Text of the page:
Do yourself a favor and be prepared to talk about whatever your prospect wants to talk about. For example, HubSpot research shows that more and more prospects want to talk about price and product on the first call, but many reps struggle to address these areas before qualifying budget and authority.
Reps need to know how to have these conversations without disqualifying themselves from the opportunity.
8) They have an inflexible agenda.
You won't find many people that are bigger proponents of having a well-defined, documented sales process than I am. But sales opportunities rarely follow the same linear path.
Sometimes, it makes sense to give an educational presentation to a prospect or guide them through a free trial of your product before qualifying them fully. This way they’ll more willing to tell you which business goals they're hoping your product will help them achieve.
You must understand your prospect's buying process before you can influence it. For many buyers, you must demonstrate your ability to adapt to their buying process before they'll adapt to your sales process. If your short-term agenda is set in stone and you're unwilling to let your prospect influence it, you risk losing the chance of influencing their long-term plan.
9) They forget their own agenda.
While it's critical to ask your prospects what they want to talk about and incorporate those topics into the agenda, it's also important for you to have a goal for every sales call as well. Otherwise, you can waste a lot of time talking to tire-kickers.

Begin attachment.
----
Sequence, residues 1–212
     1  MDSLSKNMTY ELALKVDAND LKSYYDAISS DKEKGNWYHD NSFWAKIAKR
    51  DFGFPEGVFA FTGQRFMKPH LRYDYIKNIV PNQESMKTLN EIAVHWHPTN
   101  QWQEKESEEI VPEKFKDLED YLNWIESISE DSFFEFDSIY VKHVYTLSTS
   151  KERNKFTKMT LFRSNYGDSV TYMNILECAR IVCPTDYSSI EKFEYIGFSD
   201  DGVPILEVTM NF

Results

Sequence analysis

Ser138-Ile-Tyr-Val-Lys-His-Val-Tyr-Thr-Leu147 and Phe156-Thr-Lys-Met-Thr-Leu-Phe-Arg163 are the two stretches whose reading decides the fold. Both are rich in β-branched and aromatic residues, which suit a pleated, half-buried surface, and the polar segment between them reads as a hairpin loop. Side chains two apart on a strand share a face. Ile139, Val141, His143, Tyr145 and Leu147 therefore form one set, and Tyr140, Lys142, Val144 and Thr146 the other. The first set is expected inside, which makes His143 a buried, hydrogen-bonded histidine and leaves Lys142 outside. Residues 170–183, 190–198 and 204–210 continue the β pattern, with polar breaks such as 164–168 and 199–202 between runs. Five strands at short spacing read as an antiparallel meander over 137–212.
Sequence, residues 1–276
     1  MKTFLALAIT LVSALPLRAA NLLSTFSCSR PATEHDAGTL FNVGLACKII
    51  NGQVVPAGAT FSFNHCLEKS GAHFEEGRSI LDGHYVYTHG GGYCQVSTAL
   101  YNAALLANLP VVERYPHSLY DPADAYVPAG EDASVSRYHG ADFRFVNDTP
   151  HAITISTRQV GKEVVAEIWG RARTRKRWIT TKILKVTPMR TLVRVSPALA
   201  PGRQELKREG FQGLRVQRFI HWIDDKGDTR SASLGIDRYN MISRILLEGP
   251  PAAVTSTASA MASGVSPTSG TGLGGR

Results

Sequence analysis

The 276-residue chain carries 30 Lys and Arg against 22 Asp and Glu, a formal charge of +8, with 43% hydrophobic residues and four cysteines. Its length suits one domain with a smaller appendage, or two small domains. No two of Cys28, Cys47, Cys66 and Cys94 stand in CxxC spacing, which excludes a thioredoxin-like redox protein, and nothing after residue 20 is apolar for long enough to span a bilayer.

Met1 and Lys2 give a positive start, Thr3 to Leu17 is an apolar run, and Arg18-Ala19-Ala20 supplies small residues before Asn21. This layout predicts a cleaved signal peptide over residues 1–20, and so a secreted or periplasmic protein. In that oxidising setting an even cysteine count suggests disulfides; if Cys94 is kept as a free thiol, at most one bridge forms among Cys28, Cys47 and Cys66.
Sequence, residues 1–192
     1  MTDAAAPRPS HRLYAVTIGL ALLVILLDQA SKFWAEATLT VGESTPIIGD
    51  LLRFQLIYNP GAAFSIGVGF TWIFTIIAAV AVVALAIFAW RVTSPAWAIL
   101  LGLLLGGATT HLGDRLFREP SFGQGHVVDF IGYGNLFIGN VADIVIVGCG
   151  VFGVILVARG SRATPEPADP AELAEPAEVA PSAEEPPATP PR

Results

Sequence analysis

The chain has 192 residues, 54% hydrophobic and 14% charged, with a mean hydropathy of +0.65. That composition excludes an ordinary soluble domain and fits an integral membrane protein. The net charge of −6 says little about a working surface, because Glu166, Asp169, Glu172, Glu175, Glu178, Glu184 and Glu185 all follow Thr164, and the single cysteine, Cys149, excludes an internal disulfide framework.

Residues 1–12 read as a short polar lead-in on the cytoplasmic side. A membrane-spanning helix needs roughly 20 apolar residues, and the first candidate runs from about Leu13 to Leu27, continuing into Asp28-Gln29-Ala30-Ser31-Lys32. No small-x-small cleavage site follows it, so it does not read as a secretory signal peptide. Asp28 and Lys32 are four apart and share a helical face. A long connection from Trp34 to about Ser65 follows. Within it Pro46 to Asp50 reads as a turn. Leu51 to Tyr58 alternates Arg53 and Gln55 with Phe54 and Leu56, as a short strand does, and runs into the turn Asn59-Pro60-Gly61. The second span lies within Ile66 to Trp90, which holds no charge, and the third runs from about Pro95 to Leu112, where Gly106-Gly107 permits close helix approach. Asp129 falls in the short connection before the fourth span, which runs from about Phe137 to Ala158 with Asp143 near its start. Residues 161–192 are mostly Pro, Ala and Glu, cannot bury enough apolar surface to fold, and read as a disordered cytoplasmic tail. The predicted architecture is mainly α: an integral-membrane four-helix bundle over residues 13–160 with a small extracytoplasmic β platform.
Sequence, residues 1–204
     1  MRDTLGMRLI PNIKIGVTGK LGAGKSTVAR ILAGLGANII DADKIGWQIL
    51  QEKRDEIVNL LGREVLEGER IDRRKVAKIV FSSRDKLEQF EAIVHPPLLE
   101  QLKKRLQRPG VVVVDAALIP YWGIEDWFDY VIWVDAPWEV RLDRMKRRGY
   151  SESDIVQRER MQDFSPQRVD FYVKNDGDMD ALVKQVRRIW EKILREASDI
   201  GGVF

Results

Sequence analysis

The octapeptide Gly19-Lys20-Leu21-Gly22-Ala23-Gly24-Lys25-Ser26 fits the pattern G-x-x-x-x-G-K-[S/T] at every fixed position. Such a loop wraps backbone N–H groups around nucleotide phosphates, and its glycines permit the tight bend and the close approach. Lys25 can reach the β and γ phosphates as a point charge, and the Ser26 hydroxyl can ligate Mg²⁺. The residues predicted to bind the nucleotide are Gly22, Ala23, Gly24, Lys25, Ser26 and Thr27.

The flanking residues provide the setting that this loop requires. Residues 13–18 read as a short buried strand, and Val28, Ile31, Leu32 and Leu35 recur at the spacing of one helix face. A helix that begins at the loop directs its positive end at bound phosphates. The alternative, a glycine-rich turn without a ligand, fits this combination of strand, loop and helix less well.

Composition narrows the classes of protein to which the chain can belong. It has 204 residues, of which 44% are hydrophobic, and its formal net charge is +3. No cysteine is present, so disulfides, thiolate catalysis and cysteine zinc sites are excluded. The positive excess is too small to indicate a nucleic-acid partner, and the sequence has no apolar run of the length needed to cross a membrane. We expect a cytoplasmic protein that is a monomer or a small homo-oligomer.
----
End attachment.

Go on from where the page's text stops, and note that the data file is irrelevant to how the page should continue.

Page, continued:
If you're truly helpful, buyers will want to talk to you regardless of whether they plan to buy or not. But as a salesperson, you have to spend your time with prospects most likely to buy. In the early days of HubSpot, buyers would book time with us just to learn how to do internet marketing -- and to a certain extent, we'd oblige. After all, it was in our best interest to shape a prospect’s digital marketing plan. Once they began following our advice, it was easy to transition into a conversation about how our product would help them implement our advice more easily and effectively.
If you sell consulting, training, professional services, or a complex product, I’d encourage you to freely give advice to prospects in order to influence their plan. Just don’t take it too far. It’s important to determine who is a likely buyer and who is just trying to learn enough to execute your strategies themselves or with a competitive solution.